I assume the bike is to be used solely for training runs / racing? If touring or carrying loads the triple would certainly win for me.
  • geoff93
    geoff93 Posts: 190
    I'd go for the triple, if you're not worried about the extra few grams it will put on. I use a triple and find the small chainring useful on very steep hils (12% plus. Otherwise I don't use it, but it is very helpful and means I can run a 11-23 cassette without worrying about not having a small enough gear.
    Trek Madone 3.5 (RS80s, Arione)
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  • As many have said already, it's down to personal choice. I've ridden both and prefer a compact. I find the double easier to set up and don't have a problem with the large jump between the chainrings or using most of the cassette with each chainring.

    If you are confident about setting up the front mech on a triple and want really low gears then the triple will probably suit you better. My experience was that I ended up swapping between the chainrings more often but that might not be a problem for you.

    TBH the only way you're going to find out which you prefer is to ride them both.
  • and frankly people worry about it far too much.

    Amen to that. I don't think it's as important a choice as you might think given the heated debate it generates - it's not as if with one you'll love your cycling and with the other hate it, particularly if you're new to the whole thing. FWIW I went with the triple on my first (and current) road bike because I live in a very hilly area and it's worked fine (with none of the fiddly setting up issues that I've heard mentioned), but I have no doubt that a compact would have served me just as well.
  • mr_goo
    mr_goo Posts: 3,770
    Thanks for all your help and advice. Currently I ride MTB with triple so will probably stick with the 3 for road bike. I find this forum/community great for info, so once again thank you all.
    Always be yourself, unless you can be Aaron Rodgers....Then always be Aaron Rodgers.
  • John C.
    John C. Posts: 2,113
    If in any doubt, get a triple. No ifs or buts, it gives you more options and if you don't need the granny ring, don't use it. But a steep hill on the 100 mile mark is a lot harder than the same one after 10. OK you may not be doing the 100 milers yet but if the bug bites, you will soon and then, believe me you'l sell your mother for a lower gear. :lol:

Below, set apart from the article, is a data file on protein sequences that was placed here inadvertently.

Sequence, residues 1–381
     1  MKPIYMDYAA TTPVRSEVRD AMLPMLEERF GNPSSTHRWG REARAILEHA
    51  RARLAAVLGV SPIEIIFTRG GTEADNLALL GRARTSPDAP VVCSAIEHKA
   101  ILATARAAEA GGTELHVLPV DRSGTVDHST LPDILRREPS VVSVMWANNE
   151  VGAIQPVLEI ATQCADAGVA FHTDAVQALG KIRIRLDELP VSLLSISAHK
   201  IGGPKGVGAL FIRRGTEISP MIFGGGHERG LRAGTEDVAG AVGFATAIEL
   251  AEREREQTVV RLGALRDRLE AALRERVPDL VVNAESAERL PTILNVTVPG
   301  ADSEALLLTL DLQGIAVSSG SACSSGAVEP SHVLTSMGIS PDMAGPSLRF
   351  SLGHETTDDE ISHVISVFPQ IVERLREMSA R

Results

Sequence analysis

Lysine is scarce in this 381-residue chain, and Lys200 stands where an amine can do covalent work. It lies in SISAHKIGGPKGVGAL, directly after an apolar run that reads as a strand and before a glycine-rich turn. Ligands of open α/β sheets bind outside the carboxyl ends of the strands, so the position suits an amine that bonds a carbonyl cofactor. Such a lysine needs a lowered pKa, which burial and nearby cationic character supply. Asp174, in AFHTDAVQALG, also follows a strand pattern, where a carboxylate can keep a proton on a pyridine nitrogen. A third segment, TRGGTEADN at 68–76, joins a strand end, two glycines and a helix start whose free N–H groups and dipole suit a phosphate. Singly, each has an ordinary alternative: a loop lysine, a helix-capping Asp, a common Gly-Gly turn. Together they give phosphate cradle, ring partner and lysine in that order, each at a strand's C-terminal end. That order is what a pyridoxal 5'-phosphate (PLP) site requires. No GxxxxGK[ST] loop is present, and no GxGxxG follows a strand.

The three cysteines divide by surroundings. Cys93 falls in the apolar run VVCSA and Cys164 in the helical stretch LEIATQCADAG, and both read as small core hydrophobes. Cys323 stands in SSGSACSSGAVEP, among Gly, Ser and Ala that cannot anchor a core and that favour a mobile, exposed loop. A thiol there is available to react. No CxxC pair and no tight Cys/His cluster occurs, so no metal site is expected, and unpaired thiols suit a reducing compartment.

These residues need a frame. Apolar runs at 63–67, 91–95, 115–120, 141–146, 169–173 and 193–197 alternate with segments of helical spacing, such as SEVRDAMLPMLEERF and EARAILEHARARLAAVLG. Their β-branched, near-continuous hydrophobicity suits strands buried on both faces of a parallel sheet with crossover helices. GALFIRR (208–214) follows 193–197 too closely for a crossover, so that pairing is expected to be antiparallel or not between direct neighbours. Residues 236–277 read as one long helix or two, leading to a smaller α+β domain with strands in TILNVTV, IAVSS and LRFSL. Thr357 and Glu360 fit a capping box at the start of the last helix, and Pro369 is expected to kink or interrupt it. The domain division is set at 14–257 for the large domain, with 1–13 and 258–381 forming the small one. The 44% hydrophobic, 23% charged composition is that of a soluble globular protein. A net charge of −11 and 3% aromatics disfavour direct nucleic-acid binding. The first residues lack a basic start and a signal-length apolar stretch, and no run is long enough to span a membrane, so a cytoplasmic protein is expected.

http://www.ripon-loiterers.org.uk/

    Fail to prepare, prepare to fail
    Hills are just a matter of pace
  • Garz
    Garz Posts: 1,155
    John C makes sense ^.
  • Ah, the age old question.

    I'd say get a 53 39 but, I got a tripple for my first bike and i'd say I wish I'd had the compact option. I always say buy what you'll grow into. don't wory about the "save weight" arguement. it'll be neglegable.
    http://twitter.com/mgalex
    www.ogmorevalleywheelers.co.uk

    10TT 24:36 25TT: 57:59 50TT: 2:08:11, 100TT: 4:30:05 12hr 204.... unfinished business
  • John.T
    John.T Posts: 3,698
    Ah, the age old question.
    I'd say get a 53 39 but, I got a tripple for my first bike and i'd say I wish I'd had the compact option. I always say buy what you'll grow into. don't wory about the "save weight" arguement. it'll be neglegable.
    10TT 24:50, 25TT: 1:00:06, 50TT: 2:12:02, 100TT: 5:06:28 12hr TT I'll nail it next year.
    These times suggest you may be a somewhat stronger rider than Mr Goo who is asking about a first road bike. John C is right. If you have to ask the question then go for a triple. I say this as a rider who now has 2 bikes on compacts and one on 52/38. I have not used a triple for about 9 years. I did however get my only road race with the triple on the bike. It will not slow you down.
  • Fuoco
    Fuoco Posts: 17
    I open the same 3d some time ago.

    There are 2 way of thinking and both are right...
    at the end I choose a compact 50/34 with a cassette 11/28 (shimano)
    exercise.png
  • de_sisti
    de_sisti Posts: 1,283
    Why not get a compact triple from Spa Cycles. A Stronglight Impact triple with 50/34/26
    chainrings is what I use without any problems. :D

    (Ok, so you pay an extra £10 for choice of chainrings, but that's really not a lot)
  • John C.
    John C. Posts: 2,113
    Garz wrote:
    John C makes sense ^.
    I make sence and I now have it in writing :lol:
    I have also raced with a triple, at Croft, I didn't use the granny ring much, in fact I didn't use the middle either, but I was able to use the same bike on The Fred Whitton and erm ? I think I remember using the granny ring once or twice. :lol:
    http://www.ripon-loiterers.org.uk/

    Fail to prepare, prepare to fail
    Hills are just a matter of pace